Another issue that you raised - are you more in favor of taking the time off together (which is what I did) to help do all of the initial chores (diapers/cleaning/cooking) that suddenly become more difficult, or do you advocate staggered time? I had investigated the latter option, but as a family we decided the former would be more helpful.

    2. you have to remember, I live in la-la-land ;) I would totally be scared of being home alone with a new baby, regardless of just having birthed them, and do all the other things. Plus that I have a romantic side where I would like the "new family" to have a time to cocoon....

      that said, in my ideal world the dad would have possibility to both take off in the early time, maybe more like you said to help with the new adjustmnet, and then later to be able to be alone with his child and see "what the mother has done all the time" (aka 'it's not being off just b/c you're home').

      As earlier stated though, these are all my ideal romantic views that probably have nothing to do with practical reality. At least where i work, the only way a dad can take of parental leave is "within the first 3 weeks"....

    3. Actually, what you describe as your ideal world is the same as mine. I would have loved to have taken 2 leaves of absence (and even worked in institutions that were progressive enough to allow it), but career-wise it would've been a bit rough.

  3. Some of my female role models (powerhouses in the high tech world) have amazing maternity stories. Some started companies while pregnant...some gave lectures 5 days after giving birth...some defended their PhD within a month of giving birth...you get the picture. While I am extremely impressed, and think of this as proof that women can build amazing careers while having a family, I can see it could swing too far in the other direction - young ambitious women thinking they have to get back in the game a week after giving birth.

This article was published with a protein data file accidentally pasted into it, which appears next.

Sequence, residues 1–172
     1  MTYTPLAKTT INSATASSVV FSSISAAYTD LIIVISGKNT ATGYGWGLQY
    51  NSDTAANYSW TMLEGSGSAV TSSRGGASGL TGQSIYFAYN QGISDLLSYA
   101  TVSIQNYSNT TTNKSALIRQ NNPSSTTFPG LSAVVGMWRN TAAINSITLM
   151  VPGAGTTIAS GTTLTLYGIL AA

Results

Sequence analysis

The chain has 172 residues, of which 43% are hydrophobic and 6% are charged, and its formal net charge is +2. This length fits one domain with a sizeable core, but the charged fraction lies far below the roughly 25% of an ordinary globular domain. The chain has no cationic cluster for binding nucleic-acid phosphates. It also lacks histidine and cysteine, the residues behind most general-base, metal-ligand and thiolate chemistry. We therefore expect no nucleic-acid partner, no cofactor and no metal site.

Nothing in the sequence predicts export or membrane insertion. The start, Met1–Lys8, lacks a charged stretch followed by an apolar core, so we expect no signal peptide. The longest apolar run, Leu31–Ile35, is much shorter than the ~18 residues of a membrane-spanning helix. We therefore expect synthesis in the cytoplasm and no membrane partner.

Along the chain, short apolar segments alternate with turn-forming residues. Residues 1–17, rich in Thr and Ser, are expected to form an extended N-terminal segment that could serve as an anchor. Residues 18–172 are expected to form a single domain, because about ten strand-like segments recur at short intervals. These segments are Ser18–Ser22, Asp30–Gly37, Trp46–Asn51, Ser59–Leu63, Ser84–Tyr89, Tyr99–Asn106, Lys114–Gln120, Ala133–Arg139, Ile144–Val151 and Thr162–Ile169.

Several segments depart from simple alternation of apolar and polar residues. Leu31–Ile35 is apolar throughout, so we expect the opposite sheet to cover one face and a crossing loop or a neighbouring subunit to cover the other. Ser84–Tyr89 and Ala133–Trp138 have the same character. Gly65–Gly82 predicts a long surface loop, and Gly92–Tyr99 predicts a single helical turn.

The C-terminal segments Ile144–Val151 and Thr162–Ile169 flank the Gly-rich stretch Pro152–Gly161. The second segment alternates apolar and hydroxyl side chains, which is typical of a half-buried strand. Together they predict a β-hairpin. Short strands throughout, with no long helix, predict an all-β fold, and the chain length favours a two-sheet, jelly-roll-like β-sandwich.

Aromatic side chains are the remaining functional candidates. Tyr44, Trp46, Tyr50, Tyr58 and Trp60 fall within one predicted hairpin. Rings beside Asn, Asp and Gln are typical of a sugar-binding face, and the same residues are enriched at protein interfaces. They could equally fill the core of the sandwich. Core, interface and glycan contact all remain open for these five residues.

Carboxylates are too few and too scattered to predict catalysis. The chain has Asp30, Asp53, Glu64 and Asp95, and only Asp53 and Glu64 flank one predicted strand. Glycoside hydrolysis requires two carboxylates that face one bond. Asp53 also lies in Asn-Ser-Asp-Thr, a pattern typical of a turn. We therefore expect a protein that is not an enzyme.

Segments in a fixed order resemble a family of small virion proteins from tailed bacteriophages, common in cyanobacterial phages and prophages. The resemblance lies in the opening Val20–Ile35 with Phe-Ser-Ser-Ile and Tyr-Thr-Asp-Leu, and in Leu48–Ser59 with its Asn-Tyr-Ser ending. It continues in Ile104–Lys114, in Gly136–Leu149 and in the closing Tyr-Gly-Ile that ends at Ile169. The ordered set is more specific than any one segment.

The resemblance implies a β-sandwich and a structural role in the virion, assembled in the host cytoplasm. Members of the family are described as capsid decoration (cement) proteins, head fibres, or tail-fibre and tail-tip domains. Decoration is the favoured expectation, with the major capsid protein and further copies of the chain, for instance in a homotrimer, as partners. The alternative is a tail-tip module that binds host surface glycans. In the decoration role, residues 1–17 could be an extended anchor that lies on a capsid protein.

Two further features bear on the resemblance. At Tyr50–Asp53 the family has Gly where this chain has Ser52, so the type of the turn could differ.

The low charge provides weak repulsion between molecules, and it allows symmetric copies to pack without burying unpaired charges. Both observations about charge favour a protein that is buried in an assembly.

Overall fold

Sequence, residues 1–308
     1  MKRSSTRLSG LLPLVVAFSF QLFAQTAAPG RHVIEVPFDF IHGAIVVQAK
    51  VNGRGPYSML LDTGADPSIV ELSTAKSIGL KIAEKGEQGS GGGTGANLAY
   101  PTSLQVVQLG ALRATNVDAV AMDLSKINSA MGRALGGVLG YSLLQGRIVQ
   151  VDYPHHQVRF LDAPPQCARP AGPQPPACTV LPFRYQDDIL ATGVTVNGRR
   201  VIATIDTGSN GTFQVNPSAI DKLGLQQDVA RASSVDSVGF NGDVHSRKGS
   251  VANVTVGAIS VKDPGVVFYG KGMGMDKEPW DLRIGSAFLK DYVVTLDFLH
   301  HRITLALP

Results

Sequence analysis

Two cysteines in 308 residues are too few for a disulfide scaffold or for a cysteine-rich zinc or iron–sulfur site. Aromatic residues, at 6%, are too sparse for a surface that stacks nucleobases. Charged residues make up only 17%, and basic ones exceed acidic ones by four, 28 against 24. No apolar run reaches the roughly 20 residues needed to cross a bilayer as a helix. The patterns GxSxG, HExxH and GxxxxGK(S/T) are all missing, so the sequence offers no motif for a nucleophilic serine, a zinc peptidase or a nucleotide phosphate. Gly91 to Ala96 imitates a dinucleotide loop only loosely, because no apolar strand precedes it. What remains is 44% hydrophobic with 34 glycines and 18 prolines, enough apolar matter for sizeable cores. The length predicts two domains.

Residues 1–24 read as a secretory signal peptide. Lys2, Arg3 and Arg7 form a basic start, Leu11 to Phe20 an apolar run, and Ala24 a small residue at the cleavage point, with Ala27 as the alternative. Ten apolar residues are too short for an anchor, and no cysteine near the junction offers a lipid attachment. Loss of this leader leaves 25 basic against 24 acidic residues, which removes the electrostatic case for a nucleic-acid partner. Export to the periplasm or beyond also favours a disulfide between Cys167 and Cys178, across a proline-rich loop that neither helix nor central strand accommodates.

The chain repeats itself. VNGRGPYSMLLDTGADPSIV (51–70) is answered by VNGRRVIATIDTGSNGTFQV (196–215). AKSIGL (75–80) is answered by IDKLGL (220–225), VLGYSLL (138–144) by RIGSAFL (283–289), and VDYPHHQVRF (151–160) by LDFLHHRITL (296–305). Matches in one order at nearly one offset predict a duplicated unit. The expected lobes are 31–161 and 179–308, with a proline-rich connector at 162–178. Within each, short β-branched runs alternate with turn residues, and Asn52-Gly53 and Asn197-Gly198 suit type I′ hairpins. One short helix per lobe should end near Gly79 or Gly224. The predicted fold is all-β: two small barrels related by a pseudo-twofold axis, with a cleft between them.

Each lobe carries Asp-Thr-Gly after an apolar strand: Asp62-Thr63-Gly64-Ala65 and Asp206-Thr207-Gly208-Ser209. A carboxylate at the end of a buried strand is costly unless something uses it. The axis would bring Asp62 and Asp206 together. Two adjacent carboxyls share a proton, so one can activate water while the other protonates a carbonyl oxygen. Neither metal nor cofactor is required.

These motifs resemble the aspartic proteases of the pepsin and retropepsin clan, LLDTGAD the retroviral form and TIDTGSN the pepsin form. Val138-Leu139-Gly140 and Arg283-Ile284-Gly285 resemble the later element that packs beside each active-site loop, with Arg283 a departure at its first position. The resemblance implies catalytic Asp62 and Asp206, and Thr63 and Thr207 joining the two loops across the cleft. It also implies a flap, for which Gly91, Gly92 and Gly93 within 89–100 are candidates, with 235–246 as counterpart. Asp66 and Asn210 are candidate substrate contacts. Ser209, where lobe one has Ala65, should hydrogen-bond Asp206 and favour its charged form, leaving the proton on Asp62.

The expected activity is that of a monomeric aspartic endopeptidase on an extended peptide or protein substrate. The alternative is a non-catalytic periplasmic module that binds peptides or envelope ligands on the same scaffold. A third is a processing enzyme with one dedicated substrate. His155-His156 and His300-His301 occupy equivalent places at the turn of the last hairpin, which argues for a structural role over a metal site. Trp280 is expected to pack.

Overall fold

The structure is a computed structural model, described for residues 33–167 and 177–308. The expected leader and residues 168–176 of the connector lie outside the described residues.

So while I could totally see myself doing the same thing (with my personality type), I will not allow myself to feel the pressure that I HAVE to do that. I think with men, since you don't "physically" need the rest, there's even more pressure to just get back in the game as soon as possible. With women, there is the medical evidence that yes, getting some rest after giving birth is good for your health

    And I should mention - my female role models described above, while they gave lectures and other things within a week of giving birth, they did take time off to rest. They didn't just start working full time immediately, but found ways to keep going while mainly resting at home. That's what's impressive - I'm not for anyone adversely affecting their health just for work.